Search results

1 – 8 of 8
To view the access options for this content please click here
Article
Publication date: 28 March 2008

Jamaliah Abdul Hamid

To examine the knowledge strategies of school administrators and teachers in schools to acquire and use information for decision making in various areas of school development.

Downloads
1712

Abstract

Purpose

To examine the knowledge strategies of school administrators and teachers in schools to acquire and use information for decision making in various areas of school development.

Design/methodology/approach

Quantitative correlational research design using survey questionnaire as the main instrument for data collection. The respondents were from 40 schools, and involved random selection of 282 school administrators and 500 teachers. The research was conducted using a 23 item questionnaire.

Findings

Personal knowledge strategies of school administrators and teachers are highly correlated to the perception of positive knowledge management environments in their schools (r = 0.57, p < 0.001); the quality of data kept within schools (r = 0.63 p < 0.001); and the extent decision making in schools was information‐driven. Personal strategies also tend to influence the knowledge culture within schools. Personal strategies can maneuver the way people seek and tolerate new knowledge, and how ideas are valued and used. Higher levels of personal knowledge strategies will also likely result in a stronger belief in the quality process of decision making in schools.

Research limitations/implications

The knowledge strategies is not an exhaustive list.

Practical implications

School leaders need to cultivate competent knowledge strategies amongst their staff members to consolidate the knowledge culture in schools.

Originality/value

This paper identifies the need to actively create a school environment that enables teachers to actively and intensively utilize the information to create new knowledge and enhance the knowledge and information culture in their schools.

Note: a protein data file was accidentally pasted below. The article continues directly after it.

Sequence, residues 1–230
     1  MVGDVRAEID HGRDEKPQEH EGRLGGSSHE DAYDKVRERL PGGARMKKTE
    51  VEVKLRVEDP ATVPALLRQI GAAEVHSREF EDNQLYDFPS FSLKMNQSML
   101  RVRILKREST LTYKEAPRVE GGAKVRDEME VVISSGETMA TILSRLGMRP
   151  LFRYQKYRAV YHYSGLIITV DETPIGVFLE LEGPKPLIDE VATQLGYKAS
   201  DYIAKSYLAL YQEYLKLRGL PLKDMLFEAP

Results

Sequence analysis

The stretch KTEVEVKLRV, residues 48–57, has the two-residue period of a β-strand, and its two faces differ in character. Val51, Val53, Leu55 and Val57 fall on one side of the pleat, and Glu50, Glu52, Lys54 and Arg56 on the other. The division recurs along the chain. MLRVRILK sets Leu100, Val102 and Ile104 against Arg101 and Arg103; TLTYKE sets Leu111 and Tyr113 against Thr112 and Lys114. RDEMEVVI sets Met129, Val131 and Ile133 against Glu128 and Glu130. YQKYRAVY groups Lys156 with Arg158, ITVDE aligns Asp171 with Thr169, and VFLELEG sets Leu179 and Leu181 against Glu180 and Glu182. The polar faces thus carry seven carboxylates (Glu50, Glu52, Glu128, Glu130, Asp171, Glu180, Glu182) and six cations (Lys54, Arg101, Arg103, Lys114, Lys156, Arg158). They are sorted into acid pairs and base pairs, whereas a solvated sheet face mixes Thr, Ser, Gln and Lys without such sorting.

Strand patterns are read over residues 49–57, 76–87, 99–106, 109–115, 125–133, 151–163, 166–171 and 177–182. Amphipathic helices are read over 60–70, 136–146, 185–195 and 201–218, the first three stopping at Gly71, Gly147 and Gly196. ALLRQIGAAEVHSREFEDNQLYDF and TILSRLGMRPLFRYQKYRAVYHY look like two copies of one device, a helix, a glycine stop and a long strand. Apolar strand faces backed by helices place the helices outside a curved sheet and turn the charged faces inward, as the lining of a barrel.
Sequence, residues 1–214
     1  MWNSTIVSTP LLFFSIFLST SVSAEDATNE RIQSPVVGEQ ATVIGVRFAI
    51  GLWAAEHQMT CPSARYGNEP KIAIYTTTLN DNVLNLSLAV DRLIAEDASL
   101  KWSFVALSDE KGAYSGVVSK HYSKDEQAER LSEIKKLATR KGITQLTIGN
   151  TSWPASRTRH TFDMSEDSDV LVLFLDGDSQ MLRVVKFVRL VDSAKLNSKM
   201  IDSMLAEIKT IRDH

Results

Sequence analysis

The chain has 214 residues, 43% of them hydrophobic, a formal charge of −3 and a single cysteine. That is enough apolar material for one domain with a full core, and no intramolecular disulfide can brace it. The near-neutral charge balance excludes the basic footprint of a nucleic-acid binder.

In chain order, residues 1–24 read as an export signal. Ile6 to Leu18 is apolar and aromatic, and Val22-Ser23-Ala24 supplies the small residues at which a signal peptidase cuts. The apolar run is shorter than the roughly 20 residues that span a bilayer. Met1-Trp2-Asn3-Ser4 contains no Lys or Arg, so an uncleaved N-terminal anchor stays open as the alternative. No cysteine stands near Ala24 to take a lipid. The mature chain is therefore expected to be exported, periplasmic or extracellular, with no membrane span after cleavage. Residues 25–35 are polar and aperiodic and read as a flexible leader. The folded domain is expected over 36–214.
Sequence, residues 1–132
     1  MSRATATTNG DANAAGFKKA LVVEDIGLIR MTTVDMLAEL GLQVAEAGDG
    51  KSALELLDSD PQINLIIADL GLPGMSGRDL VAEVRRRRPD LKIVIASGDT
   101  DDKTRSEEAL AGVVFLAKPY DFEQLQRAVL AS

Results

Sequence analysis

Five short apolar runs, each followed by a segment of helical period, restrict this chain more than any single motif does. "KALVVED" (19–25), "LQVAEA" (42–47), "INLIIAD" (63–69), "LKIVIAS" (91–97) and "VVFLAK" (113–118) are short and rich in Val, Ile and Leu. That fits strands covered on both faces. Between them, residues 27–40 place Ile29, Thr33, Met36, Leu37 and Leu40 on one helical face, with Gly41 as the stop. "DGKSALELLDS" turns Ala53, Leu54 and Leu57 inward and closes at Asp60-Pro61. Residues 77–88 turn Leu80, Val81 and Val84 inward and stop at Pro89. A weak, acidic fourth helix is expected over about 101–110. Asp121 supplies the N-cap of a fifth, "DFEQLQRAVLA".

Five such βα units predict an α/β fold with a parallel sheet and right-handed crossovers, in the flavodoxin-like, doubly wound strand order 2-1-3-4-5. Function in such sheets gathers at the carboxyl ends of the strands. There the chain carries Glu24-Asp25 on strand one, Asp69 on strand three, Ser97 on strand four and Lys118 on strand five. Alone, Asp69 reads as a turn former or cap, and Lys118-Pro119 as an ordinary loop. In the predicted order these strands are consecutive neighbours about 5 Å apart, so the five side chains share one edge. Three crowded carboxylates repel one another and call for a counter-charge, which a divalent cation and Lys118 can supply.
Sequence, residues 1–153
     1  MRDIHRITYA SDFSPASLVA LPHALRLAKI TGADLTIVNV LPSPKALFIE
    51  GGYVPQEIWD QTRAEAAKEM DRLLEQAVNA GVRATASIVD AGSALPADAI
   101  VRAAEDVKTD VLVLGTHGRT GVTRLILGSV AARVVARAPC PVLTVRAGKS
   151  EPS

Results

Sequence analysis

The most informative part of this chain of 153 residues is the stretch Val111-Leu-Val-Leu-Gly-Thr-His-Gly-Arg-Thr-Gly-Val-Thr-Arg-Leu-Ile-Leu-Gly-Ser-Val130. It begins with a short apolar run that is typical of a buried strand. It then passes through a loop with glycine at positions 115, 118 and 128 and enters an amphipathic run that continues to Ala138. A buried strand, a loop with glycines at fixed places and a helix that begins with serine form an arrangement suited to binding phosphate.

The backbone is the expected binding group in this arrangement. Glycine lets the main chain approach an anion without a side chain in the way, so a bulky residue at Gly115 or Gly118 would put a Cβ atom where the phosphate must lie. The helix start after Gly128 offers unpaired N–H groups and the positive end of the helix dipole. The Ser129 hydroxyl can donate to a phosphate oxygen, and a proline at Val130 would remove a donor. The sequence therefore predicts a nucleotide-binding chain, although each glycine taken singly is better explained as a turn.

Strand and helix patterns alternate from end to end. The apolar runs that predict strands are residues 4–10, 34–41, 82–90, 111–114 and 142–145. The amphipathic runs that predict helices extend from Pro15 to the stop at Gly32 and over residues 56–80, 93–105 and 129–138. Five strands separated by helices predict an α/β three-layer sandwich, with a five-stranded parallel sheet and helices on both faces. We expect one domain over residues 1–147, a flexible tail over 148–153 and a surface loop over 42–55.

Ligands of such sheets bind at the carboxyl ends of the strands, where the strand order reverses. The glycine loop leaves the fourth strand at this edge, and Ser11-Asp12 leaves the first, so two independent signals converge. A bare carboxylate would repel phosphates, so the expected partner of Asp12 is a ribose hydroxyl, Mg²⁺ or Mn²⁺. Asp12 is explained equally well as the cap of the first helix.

Details

International Journal of Educational Management, vol. 22 no. 3
Type: Research Article
ISSN: 0951-354X

Keywords

To view the access options for this content please click here
Article
Publication date: 20 June 2008

Nurul Amelina Nasharuddin, Jamaliah Abdul Hamid, Hamidah Ibrahim, Mohd. Hasan Selamat, Rusli Abdullah and Wan Malini Wan Isa

The purpose of this paper is to discuss the visualizer interface that has been developed for the first phase of an automatic meaning extraction (AME) system.

Abstract

Purpose

The purpose of this paper is to discuss the visualizer interface that has been developed for the first phase of an automatic meaning extraction (AME) system.

Design/methodology/approach

AME system was developed to automatically extract concepts and their relations across texts from all domains of knowledge. One challenge for the developer is to create interface tools that help the users use the system. This paper describes a visualizer interface that can map the concepts and relations in the form of two‐dimensional graph or network.

Findings

Using this visualizer, users can maximize the use of AME system by allowing the visualization of the concepts' networks results. Users can search for a concept and view the relationships of the concept to other concepts. Those relationships can be traced back to the source sentences in the original documents through the “Show Text” function.

Originality/value

This visualizer is useful in solving the problem of visualizing the relationships between concepts across varied domains of knowledge. The extraction of relationships in the AME system is based upon a unique connector‐based relation extraction. It is particularly appropriate for target users such as the researcher, educators and learners. The visualizer implements the Java Universal Network/Graph Framework to provide a few functions that enable users to manipulate the concepts graph.

Details

VINE, vol. 38 no. 2
Type: Research Article
ISSN: 0305-5728

Keywords

Content available
Article